Irisa Kwok (left), Grace Beckett (centre) and Flossie Adrian (right) lead the cast of 'As You Like It'Esme Bishop with permission for Varsity

Banished from the corrupted royal court of the usurping Duke Frederick, Rosalind and her cousin Celia flee to the mysterious sanctuary of the Forest of Arden, conjured by actors in the floral serenity of Clare Scholars’ Garden on a particularly warm summer’s afternoon. Production designer, Hugh Bowers, constructed a makeshift forest of charming simplicity: two wooden pillars stood in the centre of the lawn, surrounded by aged, woody branches and bundles of sticks planted in the soil. Apart from these delicately crafted allusions, the majority of the mystical greenwood was imaginatively projected by the audience, allowing spectators to privately summon their own speculative Arden of the mind. Though situated in the centre of a bustling Cambridge, directors Esme Bishop and Hugo Gregg successfully transformed the garden into an otherworldly refuge of revelry and ardour.

“Bishop and Gregg successfully transformed the garden into an otherworldly refuge of revelry and ardour”

Shakespeare’s comedies are often underestimated by audiences to be merely bawdy and superficial, with “true” narrative complexity being typically ascribed to his well-known tragedies. As You Like It is testimony to the way in which such binaries of genre fall apart, for the Bard’s comic heroines can be just as dramatically elusive and deliciously ambivalent as his tragic heroes. Rosalind, masterfully portrayed by Flossie Adrian, completely dominates the show, displaying a playful agency that Shakespeare’s tragic heroines are deprived of. Whilst Ophelia and Desdemona find themselves marginalised by their soliloquising male counterparts, Rosalind emerges as a surrogate theatre-maker — an avatar of Shakespeare within the world of the play. In the Forest of Arden, Rosalind renders her love interest — the unwitting Orlando — her mere puppet, disguising herself and commandeering him with a confident and sometimes sadistic glee. Adrian felt perfectly cast for this dynamic and demanding role, emerging as the vital connective tissue which bound the cast and plot together into satisfying comic unity. They were undoubtedly the dramatic and emotional centre of the play, with cousin Celia (Grace Beckett) and doting Orlando (Irisa Kwok) positively basking in their orbit.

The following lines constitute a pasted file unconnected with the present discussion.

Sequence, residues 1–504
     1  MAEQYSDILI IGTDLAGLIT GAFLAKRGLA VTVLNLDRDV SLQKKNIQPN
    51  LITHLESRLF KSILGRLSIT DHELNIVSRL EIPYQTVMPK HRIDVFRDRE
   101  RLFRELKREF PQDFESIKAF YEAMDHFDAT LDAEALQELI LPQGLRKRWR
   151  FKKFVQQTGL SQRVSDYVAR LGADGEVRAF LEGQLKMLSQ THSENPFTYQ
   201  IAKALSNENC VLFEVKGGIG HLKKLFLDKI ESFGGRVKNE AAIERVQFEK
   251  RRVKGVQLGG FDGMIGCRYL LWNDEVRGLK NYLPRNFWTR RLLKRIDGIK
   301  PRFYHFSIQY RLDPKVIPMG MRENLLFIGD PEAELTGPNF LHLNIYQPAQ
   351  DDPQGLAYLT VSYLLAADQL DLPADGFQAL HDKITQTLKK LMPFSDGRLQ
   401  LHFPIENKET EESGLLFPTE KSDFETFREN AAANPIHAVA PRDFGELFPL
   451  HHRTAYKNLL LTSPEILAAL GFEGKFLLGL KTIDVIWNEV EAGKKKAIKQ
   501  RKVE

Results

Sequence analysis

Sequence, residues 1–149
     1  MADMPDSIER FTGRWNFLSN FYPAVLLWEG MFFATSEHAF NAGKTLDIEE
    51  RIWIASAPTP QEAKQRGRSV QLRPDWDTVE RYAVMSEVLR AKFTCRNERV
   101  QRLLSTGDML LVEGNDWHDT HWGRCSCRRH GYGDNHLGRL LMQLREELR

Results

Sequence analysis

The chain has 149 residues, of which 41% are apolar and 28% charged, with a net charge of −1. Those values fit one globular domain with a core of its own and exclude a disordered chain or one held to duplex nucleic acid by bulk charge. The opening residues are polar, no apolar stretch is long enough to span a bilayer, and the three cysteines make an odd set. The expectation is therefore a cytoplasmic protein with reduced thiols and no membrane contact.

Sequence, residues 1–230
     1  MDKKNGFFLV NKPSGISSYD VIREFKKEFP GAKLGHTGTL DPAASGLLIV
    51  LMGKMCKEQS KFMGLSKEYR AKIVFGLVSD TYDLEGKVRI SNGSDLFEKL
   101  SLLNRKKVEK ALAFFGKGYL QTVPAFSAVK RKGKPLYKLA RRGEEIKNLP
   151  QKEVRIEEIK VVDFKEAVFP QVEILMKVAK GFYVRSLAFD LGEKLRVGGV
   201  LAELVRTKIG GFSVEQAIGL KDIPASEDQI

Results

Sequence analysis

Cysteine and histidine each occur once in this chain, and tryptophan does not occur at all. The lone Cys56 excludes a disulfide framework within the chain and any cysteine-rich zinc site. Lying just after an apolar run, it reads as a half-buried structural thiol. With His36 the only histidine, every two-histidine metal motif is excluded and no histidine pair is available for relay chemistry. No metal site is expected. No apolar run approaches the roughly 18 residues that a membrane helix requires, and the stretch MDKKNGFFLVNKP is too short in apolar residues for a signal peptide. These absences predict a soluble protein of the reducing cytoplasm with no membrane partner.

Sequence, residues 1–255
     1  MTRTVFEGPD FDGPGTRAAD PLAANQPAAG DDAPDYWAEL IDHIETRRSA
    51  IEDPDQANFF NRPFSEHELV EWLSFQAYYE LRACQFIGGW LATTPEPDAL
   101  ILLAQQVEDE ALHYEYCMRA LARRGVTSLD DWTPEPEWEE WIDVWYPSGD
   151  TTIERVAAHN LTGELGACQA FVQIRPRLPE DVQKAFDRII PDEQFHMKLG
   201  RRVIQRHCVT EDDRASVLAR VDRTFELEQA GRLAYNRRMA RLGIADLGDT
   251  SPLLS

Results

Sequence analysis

“It was sometimes painful to be on the outside of this hopeful, woodland adventure”

Grace Leaman offered an ingenious interpretation of the comic Touchstone, emerging as a dancing, wining, childish fool. Garbed in knee-high, candy-striped socks, pinstripe shorts and a Pierrot’s hat, Touchstone was a visual delight, testifying to the sartorial imagination of costume designer Sophie Campbell. Leaman was steadfastly dedicated to this exhausting role, disappearing into Touchstone’s idiosyncrasies with their exaggerated intonation, scrunched facial expressions and eccentric prancing about the lawn. Acting alongside the equally hilarious Dylan Sudworth as Adam/Silvius and Eliza Harrison as Audrey/Le Beau, Leaman’s creative performance testifies to the underestimated dimensionality of Shakespeare’s fools, whose comedy does not detract from their theatrical mystery. Leaman was vital in continually engaging the audience, blending the bounds between fiction and reality in her irreverent mischief-making across the garden. Throughout the performance, the non-verbal humour utilised by the limping, sniffling Sudworth was thoroughly amusing, and I relished witnessing him being victimised through disturbingly force-fed fairy cakes.


Mountain View

In 'The Dumb Waiter', the mundane is meaningful

To the left of the lawn, Lia Joffe presided over a five-person band which delivered lighthearted tunes between scenes. If the Forest of Arden represents the pleasurable rupturing of courtly hierarchy, the band of string and woodwind instruments animated the wayward rhythms of the forest. As the characters abandoned the regulated linearity of courtly existence for an eternal, topsy-turvy carnival, I too found myself entranced by the lullaby-esque sounds of the seductive woodland. The live music contributed to the contagious sense of revelry which swept the garden, with Beckett particularly emerging as a lively bundle of energy throughout the performance. Indeed, the heartbeat of the show was the electric chemistry between Adrian and Beckett, whose unique, captivating intimacy transformed Shakespeare’s antiquated, early modern idioms into the modern-day, giddy parlance of close friends. Delivering Renaissance dialogue like spontaneous, unscripted gossip, their naturalistic performances rendered their friendship the central product of the play. As an audience member, it was sometimes painful to be on the outside of this hopeful, woodland adventure, but I’m grateful to the cast for momentarily bringing Arden to life.

As You Like It showed at the Clare College Scholars’ Garden from Wednesday 21st to Friday 23rd June, 2:00pm.